Is benching Manuel a smart move?

Party like it’s 2009, Buffalo Bills fans. For the first time since the 2009 season in which Buffalo went 6-10, the Bills are switching quarterbacks for a reason other than injury. Kyle Orton—a seasoned veteran with a classic Bills record of 35 wins and 35 losses as a starter—will take over the starting job from second-year quarterback E.J. Manuel. On second thought, don’t party.

I hate this move. To start, it was a complete surprise to the team. “We still have faith in him,” running back C.J. Spiller said to reporters just before the switch was announced. “He’s our starting quarterback. We’re going to back him.”

Head coach Doug Marrone did not give Manuel enough time as a starter. Although he was the number one quarterback on the depth chart last season, Manuel only started 10 games due to injury. Pair that with the four games he started this year and it’s not even a complete season.

Don’t get me wrong, Manuel’s numbers have been abysmal the last two games. His total quarterback rating—which is on a scale from 0 to 100—has not risen above 8.4 since Buffalo’s Sept. 14 win against the Miami Dolphins. He also had more interceptions against the Houston Texans on Sunday Sept. 28 (two) than he had all season before that game (one).

But is this Manuel’s fault?

In short—no, not really. In the first two games and wins of the season, Manuel averaged just 24 pass attempts per game. In the next two games and losses, he averaged over 40 attempts. This change led to a diminished rushing game that couldn’t put up more than 27 yards in either of the last two games.

It also meant that running back Anthony “Boobie” Dixon—who broke a 47-yard run against the Chicago Bears in week one—didn’t touch the ball at all. The change in play calling is as much at fault for the diminished level of play as Manuel is.

If Orton were a better quarterback, then maybe I would feel differently. Orton has had only five seasons with a QBR over 50. In 2011, former Denver Broncos quarterback Tim Tebow usurped him and Orton was traded away.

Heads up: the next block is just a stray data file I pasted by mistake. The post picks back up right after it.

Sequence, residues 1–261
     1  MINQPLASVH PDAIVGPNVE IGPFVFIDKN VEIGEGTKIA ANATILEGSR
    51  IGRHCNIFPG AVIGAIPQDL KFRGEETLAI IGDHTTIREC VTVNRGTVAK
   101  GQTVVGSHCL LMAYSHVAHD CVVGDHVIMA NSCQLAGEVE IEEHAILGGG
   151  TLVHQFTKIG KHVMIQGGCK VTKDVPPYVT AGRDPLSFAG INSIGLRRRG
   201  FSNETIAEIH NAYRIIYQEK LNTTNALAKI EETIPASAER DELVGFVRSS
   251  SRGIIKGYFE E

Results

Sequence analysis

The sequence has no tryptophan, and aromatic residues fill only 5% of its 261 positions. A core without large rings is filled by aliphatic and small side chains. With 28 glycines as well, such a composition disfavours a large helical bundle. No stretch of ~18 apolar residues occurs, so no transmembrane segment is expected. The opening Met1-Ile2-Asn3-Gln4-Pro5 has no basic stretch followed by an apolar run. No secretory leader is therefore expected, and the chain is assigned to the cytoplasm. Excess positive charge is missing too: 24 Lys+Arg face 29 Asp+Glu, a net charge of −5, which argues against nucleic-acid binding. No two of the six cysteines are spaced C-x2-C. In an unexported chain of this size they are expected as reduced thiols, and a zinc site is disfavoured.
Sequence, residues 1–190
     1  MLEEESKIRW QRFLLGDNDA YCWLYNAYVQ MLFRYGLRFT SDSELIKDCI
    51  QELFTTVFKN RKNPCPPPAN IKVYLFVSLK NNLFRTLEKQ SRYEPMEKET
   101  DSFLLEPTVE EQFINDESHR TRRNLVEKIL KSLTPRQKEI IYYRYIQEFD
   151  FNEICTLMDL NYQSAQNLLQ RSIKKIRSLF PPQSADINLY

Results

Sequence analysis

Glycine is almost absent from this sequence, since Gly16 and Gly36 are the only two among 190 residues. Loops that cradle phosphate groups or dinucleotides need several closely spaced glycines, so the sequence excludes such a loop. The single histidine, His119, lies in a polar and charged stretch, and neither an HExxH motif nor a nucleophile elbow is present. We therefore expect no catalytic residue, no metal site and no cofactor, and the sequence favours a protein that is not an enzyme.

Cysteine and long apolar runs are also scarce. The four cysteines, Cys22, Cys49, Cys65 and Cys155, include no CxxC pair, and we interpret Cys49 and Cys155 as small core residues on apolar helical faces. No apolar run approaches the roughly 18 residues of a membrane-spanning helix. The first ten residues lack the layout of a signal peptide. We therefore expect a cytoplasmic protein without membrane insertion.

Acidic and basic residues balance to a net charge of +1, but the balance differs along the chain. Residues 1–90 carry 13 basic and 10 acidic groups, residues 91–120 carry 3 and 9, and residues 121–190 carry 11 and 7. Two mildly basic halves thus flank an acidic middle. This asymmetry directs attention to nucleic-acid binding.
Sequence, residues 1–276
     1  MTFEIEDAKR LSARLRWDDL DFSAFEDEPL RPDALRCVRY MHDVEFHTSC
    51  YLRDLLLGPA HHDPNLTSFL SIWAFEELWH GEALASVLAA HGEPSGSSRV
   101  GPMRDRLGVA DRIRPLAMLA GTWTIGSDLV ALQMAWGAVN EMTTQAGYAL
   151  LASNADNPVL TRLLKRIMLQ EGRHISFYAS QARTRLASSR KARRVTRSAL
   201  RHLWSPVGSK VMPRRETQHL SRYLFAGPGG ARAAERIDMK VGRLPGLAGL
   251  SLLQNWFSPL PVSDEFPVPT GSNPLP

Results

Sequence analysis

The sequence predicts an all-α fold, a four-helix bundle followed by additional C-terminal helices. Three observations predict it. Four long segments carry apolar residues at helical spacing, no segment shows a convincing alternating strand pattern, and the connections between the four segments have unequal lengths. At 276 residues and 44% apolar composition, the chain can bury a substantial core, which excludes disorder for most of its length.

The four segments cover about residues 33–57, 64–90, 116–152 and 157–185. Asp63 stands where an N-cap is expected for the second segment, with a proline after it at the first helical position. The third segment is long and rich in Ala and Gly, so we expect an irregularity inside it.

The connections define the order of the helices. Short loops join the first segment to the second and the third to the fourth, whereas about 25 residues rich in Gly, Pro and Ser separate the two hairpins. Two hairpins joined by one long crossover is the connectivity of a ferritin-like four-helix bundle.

Even though I hate the thought, the Bills will indeed play in Detroit against the Lions on Sunday Oct. 5 with Orton as the quarterback. If Orton does well, then there could be legitimate quarterback controversy that could cause a massive locker room distraction. If Orton plays poorly, Manuel has to come back and play after the coaching staff effectively told him he was the second-best quarterback on roster. His psyche would not be in a good state.

Had you asked me two weeks ago how the Bills would do this season, I would have given you a 20-minute speech about how Buffalo was going to go back to the playoffs for the first time since I was in kindergarten. Wide receiver Sammy Watkins was going to win the Offensive Rookie of the Year award and the bricks at the end of tight end Scott Chandler’s arms would magically turn into hands.

Now, my answer is a little different. If the Bills lose to the Lions, they have no chance to make the playoffs. After one of the most promising starts in recent memory, a third straight loss would kill any remnants of momentum that still exist. The Bills no longer make me want to shout—they make me want to curl up in a ball and cry myself to sleep.